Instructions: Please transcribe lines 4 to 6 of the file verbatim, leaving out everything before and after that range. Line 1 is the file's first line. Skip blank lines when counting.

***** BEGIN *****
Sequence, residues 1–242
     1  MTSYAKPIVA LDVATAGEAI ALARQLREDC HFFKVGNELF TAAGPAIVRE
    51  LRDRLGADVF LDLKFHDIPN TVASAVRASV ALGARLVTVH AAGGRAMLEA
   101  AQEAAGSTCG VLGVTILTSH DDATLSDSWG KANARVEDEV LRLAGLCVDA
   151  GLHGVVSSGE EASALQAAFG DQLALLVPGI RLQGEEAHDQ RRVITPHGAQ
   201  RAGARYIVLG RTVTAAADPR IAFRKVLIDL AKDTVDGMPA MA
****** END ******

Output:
   101  AQEAAGSTCG VLGVTILTSH DDATLSDSWG KANARVEDEV LRLAGLCVDA
   151  GLHGVVSSGE EASALQAAFG DQLALLVPGI RLQGEEAHDQ RRVITPHGAQ
   201  RAGARYIVLG RTVTAAADPR IAFRKVLIDL AKDTVDGMPA MA